Sweeney said Chesapeake has replaced the damaged well head and is now considering whether to permanently plug the well or try to bring it into production. Chesapeake has voluntarily suspended all its hydraulic fracturing operations in the Marcellus Shale for the time being.

Update: When we first interviewed Chesapeake spokesman Rory Sweeney, he said he didn’t have any details about when Chesapeake responded to the Bradford County well blowout. After the story ran, however, he sent us an email saying that an in-house well control specialist arrived at the site within 30 minutes, with three more arriving in the next eight hours. He said they reduced the flow by about 70 percent before the Boots & Coots team arrived. "Chesapeake's response to the situation was immediate and did not take 12 hours as some have reported," Sweeney wrote.

ProPublica’s information about Chesapeake’s response time came from the "notice of violation" that the DEP sent to Chesapeake after the spill. In that document, the DEP asked the company to explain "why Chesapeake took 12 hours to have a well control service company at the site when there are other well control service companies located closer to Atgas 2H Well." In his original interview, Sweeney confirmed that the blowout began about 11:45 p.m. on April 19. According to the DEP document, Boots & Coots arrived at 1:25 p.m. the next day. Chesapeake said the leak was sealed on April 21 and the well was fully controlled on April 25.

suzanna twickler

April 26, 2011, 1:45 p.m.


On our symposium “Oil on the Waves”, april 20th 2011 in The Netherlands,  the question was raised: who should be in charge of an oil spill or oil/ gas disaster? It was remarkable that the contributors from EU countries were in favour of the government and the USA representative was in favour of the oil and gas companies, with a supportive role for the government.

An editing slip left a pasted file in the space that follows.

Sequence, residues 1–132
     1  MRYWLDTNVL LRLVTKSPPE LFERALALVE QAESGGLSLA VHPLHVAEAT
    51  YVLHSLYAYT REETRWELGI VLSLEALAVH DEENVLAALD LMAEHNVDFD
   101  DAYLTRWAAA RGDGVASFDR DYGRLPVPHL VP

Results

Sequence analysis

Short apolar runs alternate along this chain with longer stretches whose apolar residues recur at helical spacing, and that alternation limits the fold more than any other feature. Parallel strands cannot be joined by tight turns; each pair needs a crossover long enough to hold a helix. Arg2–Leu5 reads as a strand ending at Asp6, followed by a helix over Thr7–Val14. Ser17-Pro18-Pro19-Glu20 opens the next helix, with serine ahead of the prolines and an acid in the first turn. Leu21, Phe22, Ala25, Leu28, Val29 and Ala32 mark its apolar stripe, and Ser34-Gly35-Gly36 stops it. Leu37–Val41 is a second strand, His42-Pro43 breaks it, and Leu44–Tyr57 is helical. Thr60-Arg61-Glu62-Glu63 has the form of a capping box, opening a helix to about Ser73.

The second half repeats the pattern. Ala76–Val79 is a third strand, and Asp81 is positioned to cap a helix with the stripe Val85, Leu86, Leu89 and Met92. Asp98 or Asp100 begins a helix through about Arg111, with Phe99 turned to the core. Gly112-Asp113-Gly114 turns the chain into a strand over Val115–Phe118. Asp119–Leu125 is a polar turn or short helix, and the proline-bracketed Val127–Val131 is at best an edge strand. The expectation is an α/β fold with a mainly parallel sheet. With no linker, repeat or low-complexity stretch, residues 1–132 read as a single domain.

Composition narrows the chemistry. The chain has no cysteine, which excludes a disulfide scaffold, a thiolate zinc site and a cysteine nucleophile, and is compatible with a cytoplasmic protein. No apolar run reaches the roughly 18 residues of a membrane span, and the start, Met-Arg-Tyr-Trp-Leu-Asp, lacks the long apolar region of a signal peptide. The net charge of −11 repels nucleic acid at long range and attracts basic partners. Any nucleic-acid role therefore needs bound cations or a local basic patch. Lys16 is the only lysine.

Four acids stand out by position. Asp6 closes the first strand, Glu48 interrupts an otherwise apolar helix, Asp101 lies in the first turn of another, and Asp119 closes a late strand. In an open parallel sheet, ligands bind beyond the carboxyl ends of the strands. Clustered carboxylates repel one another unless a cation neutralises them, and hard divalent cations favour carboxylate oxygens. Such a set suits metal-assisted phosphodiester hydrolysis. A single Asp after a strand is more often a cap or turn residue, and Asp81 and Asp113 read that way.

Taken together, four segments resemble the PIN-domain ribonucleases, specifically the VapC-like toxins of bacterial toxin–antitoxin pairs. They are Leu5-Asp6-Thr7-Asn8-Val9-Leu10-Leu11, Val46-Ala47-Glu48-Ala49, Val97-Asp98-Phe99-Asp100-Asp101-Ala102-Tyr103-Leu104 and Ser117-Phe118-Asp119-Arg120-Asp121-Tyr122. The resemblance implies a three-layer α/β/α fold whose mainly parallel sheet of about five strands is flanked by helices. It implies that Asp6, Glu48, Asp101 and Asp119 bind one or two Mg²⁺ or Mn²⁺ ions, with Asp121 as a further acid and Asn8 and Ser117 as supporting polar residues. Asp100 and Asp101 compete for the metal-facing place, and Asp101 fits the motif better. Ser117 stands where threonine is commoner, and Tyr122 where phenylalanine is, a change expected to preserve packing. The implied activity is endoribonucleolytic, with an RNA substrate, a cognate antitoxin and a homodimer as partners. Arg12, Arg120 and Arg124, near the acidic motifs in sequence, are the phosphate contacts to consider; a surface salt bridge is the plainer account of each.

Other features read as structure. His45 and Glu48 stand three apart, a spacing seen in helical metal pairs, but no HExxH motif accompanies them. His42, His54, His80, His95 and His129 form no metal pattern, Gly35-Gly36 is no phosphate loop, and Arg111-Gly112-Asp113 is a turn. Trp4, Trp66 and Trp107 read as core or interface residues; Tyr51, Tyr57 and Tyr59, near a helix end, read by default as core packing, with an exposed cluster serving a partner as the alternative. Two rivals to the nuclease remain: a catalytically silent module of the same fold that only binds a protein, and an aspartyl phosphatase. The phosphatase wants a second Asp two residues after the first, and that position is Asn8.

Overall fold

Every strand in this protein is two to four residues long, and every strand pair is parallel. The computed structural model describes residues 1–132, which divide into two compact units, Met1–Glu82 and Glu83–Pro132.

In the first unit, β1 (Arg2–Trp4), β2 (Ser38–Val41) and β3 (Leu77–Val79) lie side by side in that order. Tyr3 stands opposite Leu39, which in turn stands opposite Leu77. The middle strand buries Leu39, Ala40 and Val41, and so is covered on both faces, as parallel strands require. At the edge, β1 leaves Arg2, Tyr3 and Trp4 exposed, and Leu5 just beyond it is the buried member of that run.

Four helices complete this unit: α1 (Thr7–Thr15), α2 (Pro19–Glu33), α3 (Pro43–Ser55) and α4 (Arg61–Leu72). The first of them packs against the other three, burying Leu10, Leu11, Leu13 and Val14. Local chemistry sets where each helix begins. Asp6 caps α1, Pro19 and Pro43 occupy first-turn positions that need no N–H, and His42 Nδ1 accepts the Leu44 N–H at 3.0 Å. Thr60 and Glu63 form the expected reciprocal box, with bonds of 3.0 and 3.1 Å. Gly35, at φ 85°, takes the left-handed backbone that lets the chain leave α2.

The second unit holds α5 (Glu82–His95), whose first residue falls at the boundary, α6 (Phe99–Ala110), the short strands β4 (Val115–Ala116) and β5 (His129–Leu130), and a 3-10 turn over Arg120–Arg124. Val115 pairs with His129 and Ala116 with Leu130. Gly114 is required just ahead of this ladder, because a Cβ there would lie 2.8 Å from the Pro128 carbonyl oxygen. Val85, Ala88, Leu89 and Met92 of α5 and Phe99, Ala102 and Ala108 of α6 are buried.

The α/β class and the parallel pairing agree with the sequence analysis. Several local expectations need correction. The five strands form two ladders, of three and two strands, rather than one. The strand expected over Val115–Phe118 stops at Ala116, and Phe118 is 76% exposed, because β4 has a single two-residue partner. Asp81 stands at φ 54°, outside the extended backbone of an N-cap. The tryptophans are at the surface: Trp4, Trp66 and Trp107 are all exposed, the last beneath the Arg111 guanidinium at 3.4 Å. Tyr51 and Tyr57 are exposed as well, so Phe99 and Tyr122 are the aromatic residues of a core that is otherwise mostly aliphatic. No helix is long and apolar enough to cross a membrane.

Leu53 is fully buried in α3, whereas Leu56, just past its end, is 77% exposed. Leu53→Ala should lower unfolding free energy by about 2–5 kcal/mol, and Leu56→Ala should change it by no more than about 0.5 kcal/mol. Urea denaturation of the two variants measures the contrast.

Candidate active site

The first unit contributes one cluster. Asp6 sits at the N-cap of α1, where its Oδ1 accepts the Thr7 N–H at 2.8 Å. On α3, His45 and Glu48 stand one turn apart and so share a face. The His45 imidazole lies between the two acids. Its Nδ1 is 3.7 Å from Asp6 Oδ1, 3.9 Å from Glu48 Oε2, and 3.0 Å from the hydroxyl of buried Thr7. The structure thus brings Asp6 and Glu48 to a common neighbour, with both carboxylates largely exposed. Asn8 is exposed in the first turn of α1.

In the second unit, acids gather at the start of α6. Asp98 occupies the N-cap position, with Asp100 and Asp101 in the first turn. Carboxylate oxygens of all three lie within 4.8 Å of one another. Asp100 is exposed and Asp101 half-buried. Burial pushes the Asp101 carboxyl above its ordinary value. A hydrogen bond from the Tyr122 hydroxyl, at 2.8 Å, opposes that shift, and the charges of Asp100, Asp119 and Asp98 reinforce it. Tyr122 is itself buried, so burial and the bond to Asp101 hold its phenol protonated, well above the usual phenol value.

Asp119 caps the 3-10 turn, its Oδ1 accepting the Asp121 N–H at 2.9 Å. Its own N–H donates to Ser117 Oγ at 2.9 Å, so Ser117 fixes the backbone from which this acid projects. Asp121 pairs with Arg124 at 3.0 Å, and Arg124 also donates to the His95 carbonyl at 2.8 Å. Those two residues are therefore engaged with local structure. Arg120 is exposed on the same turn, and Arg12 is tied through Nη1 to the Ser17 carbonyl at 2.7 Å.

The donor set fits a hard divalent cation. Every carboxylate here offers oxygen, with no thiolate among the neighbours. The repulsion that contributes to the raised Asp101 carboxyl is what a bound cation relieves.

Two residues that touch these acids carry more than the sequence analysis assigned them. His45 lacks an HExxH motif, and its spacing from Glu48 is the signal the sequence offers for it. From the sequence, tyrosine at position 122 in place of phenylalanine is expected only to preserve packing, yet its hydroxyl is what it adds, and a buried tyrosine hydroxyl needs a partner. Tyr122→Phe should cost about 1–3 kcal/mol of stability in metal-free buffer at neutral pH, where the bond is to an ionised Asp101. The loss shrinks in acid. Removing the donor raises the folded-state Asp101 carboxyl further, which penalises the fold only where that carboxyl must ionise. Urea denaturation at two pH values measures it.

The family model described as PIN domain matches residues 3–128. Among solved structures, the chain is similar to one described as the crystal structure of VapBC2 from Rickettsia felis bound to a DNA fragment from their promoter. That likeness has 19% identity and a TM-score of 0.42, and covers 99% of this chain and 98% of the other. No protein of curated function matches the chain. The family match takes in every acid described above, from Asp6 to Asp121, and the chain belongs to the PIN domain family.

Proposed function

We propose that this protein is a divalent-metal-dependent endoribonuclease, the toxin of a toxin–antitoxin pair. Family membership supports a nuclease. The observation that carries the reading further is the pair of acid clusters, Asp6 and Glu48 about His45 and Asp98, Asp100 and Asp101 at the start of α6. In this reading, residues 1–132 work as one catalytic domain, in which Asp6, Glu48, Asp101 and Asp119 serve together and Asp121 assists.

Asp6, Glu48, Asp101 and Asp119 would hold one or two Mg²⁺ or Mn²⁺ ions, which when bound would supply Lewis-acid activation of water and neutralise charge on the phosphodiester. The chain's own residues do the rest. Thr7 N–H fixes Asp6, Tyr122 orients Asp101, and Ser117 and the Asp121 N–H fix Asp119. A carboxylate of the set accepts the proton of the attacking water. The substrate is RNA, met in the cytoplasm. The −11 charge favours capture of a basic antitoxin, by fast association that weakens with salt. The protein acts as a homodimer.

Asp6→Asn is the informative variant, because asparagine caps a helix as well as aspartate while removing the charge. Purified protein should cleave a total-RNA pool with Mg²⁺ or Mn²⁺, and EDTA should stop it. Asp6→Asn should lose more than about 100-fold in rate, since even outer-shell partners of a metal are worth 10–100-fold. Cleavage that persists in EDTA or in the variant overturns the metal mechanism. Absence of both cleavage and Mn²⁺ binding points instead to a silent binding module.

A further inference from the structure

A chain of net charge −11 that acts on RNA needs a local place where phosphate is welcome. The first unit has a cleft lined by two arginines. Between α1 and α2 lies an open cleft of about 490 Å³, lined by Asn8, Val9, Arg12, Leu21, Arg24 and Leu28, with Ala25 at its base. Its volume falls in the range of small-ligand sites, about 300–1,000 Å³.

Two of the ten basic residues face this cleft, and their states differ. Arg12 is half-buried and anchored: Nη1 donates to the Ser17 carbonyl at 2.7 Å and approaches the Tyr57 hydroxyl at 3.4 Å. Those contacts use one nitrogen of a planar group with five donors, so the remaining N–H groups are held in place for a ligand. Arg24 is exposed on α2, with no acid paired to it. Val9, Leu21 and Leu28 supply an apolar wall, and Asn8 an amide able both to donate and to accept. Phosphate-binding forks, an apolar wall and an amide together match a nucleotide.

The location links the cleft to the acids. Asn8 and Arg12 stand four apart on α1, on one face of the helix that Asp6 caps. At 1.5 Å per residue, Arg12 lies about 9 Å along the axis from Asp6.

Could this answer be relevant for the abovementioned case? Oil and gascompanies have different interests and there can be a conflict of interests with those of the government. The enforcement of law is a government task, as is the management of a disaster I think, with a supportive role of the oil and gas company.
Suzanna Twickler, Centre for Marine Policy Netherlands

Brilliant observation and thinking Suzanna!

Yep, gotta love that no regulation mentality and bottom line economics, just poison the rest of us!

My brother worked for a gas company drilling using Marcellus Shale in PA.
He told me that none of these gas wells will ever be shut down because of the employment. I hope he is wrong.

M. J. Sebetich

April 26, 2011, 7:05 p.m.

When will the gas companies have to compensate?

Hydraulic fracturing is essentially an old technology now being used in oil and gas exploration. It was invented many, many years ago but for different purposes. It started to be used for un-cased deep water wells through limestone. it is cheap to do and allows drolling to be aimed vertically, horizontally or bi-laterilly.

The problem is the chemicals used to do this drilling are carcenagenic but the EPA wasn’t aware, and still aren’t about the damage this drilling can do when it is over done such as the Marcellus Shaale and the oil wells in the Gulf of Mexico.

This is one thing that big business caught onto before the government and they have now polluted our world for the sake of gold.

Stanley R Scobie

April 26, 2011, 10:28 p.m.

The article states:

“...the department asked Chesapeake for a full list of the chemicals it was using to hydraulically fracture the well. But Sweeney, the Chesapeake spokesman, said on Monday that the company hadn’t yet reported the composition of the fracturing fluids to the department.”

Chesapeake WAS NOT fracturing the well. That is why they would not/could not report the fluid’s composition.

It seems to be not well understood that the drillers, like Chesapeake, drill only. And the frackers, like Halliburton, Schlumberger, etc,. come in and do the well sealing and the fracking. They know exactly what the chemicals were.

The industry is segmented, some would say so that no one can be quite pinned down as to blame if something goes wrong. In the Bradford County case whichever fracker was doing the job isnt mentioned and so now that company doesnt look bad.